Search

Former academy trust chairman ‘100pc certain’ of system’s transparency

Lord Theodore Agnew, pictured at Inspiration Trust school Great Yarmouth Primary Academy before becoming academies minister. 
Picture: ARCHANT

Lord Theodore Agnew, pictured at Inspiration Trust school Great Yarmouth Primary Academy before becoming academies minister. Picture: ARCHANT

Archant Norfolk © 2013

Academies are more transparent than the local authority-maintained schools system, according to a government minister and former chairman of a Norfolk academy trust.

Dame Rachel de Souza, chief executive of the Inspiration Trust. Picture: Andi Sapey/Inspiration TrustDame Rachel de Souza, chief executive of the Inspiration Trust. Picture: Andi Sapey/Inspiration Trust

Lord Theodore Agnew, founding chairman of the Inspiration Trust, said the fact that trusts have to publish audited accounts made the system less opaque and more efficient.

He expressed his faith in the system following a meeting with academy trust leaders from across the East of England this week.

He said: “A modern academy structure tends to be more efficient because there is a lot more transparency, you can look up how they have spent their money. I am 100pc certain academies are more transparent than they were.

“They have to be audited and have to include not just their raw financial materials but pay of the senior people, the educational philosophy, educational attainment.”

Lord Agnew praised the transparency of the academies system last year shortly before a Schools Week investigation found that the Inspiration Trust was excused from releasing reports requested through the Freedom of Information (FOI) Act, while another trust asked for documents in the same request was compelled to release them by the government.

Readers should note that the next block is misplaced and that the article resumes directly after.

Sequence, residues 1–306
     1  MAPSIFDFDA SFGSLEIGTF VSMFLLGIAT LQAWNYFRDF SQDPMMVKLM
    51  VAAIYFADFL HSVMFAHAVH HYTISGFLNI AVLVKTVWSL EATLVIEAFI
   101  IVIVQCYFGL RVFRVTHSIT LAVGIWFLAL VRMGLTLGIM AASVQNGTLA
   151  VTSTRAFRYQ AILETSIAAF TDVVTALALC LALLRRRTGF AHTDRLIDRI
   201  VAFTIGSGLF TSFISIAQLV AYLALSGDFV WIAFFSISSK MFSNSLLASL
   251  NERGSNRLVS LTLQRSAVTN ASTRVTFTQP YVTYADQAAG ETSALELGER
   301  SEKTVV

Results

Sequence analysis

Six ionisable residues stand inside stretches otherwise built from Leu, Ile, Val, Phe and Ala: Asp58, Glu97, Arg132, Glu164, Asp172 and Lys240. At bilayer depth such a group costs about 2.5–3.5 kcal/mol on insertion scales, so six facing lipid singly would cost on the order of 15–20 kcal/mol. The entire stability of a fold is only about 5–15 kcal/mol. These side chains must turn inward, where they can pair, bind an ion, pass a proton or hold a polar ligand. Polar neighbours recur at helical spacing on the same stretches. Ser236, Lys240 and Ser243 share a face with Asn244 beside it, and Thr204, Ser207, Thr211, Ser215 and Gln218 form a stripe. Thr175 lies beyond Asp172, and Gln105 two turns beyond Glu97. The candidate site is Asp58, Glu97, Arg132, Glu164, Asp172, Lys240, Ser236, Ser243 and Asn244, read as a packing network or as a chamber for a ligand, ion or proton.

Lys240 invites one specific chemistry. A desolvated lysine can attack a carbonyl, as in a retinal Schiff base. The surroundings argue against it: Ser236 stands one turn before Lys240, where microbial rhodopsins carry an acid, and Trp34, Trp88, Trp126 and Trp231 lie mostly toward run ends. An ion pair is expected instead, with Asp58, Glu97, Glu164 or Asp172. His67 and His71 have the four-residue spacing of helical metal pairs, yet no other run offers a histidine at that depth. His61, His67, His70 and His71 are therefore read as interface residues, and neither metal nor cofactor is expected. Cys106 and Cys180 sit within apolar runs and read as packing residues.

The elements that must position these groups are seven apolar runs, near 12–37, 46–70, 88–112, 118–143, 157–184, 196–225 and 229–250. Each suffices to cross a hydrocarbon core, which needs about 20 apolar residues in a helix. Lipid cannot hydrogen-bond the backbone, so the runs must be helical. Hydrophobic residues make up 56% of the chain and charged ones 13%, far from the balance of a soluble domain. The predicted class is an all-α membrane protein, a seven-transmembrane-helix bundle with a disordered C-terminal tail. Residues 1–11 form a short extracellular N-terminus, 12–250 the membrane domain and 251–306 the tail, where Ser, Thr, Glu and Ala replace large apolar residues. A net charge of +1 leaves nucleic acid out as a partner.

Inspiration has also come to blows the Ofsted over judgements for its schools.

In March chief executive Dame Rachel de Souza claimed that a damning report which put Great Yarmouth Primary Academy into special measures was “simply wrong” and twisted to fit a “negative agenda”, while last May Schools Week reported that the trust earned a second visit by inspectors to Cobholm Primary in Great Yarmouth after complaining about gaps in the initial report. The school is ranked “requires improvement”.

On the topic of school funding, which was all but overlooked in the Spring Statement, Lord Agnew said: “We accept that funding is tight in the system but in Norfolk at the start of the year there will be an increase of 3pc per pupil compared to last year which is another £22m so there is money going in.

“I have been placing the emphasis on getting the money to work harder, such as national deals for schools to log into to get better purchases in their non-staff spend and a supply teacher website where fees are much more transparent. These are coming on steam and working well.”


If you value what this story gives you, please consider supporting the Eastern Daily Press. Click the link in the orange box below for details.

Become a supporter

This newspaper has been a central part of community life for many years, through good times and bad, serving as your advocate and trusted source of local information. Our industry is facing testing times, which is why I’m asking for your support. Every single contribution will help us continue to produce award-winning local journalism that makes a measurable difference to our community.

Thank you.

Most Read

Most Read

Latest from the Eastern Daily Press